Company suspends enrolment to trials as coronavirus travel restrictions bite.
Efforts to contain the novel coronavirus outbreak that sprang from Wuhan, China, in December are placing new challenges on the global pharmaceutical manufacturing infrastructure that has emerged in the 21st century.
In the immediate term, quarantines and travel restrictions are raising questions about the transport of drug products and ingredients to and from cities in China hit by the 2019-nCoV coronavirus.
There is also the disruption to activities involving travel to manufacturing facilities in China – the regular flow of corporate auditors, global quality managers, subject matter experts, equipment vendor representatives and government inspectors upon which the proper functioning of global manufacturing operations depends.
The US Food and Drug Administration’s drug shortages staff has been checking with drug manufacturers about the possibility of drug shortages related to the coronavirus, but none have been reported, at least so far. (Also see "Coronavirus Not Impacting Rx Manufacturing Supply Chain – Yet" - Pink Sheet, 29 Jan, 2020.)
Eventually, it is possible that plant operations in China could be threatened by shortages of parts, supplies and materials as transport routes are cut off.
Absenteeism could also be a concern as the outbreak spreads into eastern China’s manufacturing areas and workers try to avoid exposure or become infected.
The Chinese province with the most coronavirus cases by far is Hubei, where the outbreak began, which hosts 32 US FDA-registered drug manufacturing facilities and had 11,177 cases as of 2 February, according to the Johns Hopkins University Center for Systems Science and Engineering, which hosts a coronavirus trackingdatabase.
At 724 cases, Zhejiang Province is a distant second, but it hosts more FDA-registered drug manufacturing facilities, 105, than any other province. Many other eastern provinces also have significant concentrations both of coronavirus cases and drug manufacturing facilities, including Guangdong, Jiangsu and Shandong, as well as the city of Shanghai.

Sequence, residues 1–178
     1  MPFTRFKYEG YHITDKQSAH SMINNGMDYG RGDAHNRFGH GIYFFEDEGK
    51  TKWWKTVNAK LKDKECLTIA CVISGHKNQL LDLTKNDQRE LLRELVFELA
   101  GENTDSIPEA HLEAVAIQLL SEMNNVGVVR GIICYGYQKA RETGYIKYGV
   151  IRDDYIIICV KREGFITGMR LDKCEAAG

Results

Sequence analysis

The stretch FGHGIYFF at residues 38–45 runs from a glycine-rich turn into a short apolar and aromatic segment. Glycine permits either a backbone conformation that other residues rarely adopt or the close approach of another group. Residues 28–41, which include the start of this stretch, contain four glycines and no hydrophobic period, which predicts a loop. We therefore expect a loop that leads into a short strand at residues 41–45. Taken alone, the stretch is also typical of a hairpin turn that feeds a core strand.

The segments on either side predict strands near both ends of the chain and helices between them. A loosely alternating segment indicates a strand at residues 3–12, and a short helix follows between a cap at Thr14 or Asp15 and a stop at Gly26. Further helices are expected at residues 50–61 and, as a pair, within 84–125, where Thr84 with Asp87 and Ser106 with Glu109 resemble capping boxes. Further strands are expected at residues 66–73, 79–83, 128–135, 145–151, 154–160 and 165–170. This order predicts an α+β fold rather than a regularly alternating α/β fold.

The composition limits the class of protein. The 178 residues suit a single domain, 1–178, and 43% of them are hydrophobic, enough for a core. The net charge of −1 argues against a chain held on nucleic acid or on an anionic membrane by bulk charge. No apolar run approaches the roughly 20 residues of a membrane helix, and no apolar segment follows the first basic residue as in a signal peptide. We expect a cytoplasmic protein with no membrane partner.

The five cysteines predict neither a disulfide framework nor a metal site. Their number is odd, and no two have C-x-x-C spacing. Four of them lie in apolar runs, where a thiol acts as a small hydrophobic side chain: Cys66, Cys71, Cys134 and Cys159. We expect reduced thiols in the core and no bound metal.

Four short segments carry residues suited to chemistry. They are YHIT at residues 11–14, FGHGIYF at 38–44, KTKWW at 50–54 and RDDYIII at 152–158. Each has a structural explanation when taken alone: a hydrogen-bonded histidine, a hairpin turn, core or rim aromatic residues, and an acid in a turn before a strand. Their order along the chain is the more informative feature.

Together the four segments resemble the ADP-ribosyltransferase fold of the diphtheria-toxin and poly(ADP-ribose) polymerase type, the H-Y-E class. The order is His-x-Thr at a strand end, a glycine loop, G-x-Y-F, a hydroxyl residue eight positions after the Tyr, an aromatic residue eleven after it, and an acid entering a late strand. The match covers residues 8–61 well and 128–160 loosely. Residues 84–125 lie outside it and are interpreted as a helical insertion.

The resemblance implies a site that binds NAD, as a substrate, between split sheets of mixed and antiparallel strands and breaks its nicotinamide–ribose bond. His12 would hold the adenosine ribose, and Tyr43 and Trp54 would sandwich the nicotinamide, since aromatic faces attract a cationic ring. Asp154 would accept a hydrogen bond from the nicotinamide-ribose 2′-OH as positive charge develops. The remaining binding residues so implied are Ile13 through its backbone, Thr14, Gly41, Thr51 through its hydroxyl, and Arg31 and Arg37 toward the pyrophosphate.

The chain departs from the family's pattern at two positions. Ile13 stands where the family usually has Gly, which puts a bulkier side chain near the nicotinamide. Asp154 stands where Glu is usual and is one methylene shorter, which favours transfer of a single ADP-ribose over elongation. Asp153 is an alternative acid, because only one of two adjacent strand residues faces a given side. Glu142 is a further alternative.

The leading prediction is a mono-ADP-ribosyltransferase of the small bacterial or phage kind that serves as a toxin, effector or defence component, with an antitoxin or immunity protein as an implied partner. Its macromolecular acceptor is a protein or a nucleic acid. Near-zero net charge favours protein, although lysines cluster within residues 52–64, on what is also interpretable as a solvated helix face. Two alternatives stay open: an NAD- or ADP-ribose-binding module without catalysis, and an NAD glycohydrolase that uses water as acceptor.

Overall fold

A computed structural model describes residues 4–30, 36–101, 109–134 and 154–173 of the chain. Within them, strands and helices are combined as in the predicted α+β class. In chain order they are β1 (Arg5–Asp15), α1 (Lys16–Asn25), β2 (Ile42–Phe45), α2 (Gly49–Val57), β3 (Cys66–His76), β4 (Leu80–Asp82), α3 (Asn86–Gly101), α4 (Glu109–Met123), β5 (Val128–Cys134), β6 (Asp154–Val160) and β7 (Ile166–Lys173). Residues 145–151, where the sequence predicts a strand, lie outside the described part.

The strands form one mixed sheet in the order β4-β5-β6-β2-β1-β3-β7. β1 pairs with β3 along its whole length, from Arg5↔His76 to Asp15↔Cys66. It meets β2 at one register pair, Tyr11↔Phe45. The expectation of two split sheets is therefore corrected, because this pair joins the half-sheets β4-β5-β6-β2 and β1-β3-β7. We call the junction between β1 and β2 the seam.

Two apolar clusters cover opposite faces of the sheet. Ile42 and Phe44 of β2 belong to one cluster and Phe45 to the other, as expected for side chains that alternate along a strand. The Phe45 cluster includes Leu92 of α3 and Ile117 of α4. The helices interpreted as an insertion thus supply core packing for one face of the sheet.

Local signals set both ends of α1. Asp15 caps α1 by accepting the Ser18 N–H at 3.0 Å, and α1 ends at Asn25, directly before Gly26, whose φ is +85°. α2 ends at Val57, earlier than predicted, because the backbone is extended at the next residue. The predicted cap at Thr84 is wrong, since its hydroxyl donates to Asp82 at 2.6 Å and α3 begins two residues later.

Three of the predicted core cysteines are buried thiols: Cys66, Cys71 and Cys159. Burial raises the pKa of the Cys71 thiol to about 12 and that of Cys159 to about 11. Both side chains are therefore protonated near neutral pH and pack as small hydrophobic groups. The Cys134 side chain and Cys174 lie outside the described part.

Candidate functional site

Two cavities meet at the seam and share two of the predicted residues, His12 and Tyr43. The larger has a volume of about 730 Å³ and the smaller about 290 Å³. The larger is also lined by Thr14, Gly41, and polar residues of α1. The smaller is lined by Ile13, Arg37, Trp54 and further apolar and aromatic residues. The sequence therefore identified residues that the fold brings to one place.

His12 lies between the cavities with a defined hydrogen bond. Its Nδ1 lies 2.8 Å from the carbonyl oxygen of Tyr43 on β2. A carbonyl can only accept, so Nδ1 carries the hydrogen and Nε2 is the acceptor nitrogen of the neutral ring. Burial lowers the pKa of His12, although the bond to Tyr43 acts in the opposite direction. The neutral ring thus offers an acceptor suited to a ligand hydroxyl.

Longer term, there could be global drug shortages as manufacturers exhaust inventories of active pharmaceutical ingredients sourced exclusively from China.
Generic drug manufacturers typically order APIs for two to five years out and have supplier redundancies in place, Rachel Schwartz, director of communications for the Association for Accessible Medicines, told the Pink Sheet.
However, consultant Steven Lynn cautioned that it is important for manufacturers to use the outbreak as an opportunity to check supplier quality systems and supply chain operations. There could be gaps and vulnerabilities of which they were unaware. Lynn, who has headed the FDA’s drug manufacturing compliance office and managed quality issues for Mylan and Novartis, put it this way: “As Churchill said, ‘don’t let a good crisis go to waste.’”
Much depends on the severity of the outbreak, including factors such as transmissibility of the virus, efforts to contain it and development of vaccines against it.
Amid all the uncertainty, however, arise questions about the advisability of the highly interdependent system in place today for the manufacture of medicines.
Ultimately, the outbreak poses anew the question of whether the efficiencies of globalization outweigh its vulnerabilities.
This is a question that has resurfaced in various guises in the globalization era.
There was the heparin crisis of 2008, in which economically motivated adulteration of heparin API in China causes dozens of patients to die in the US.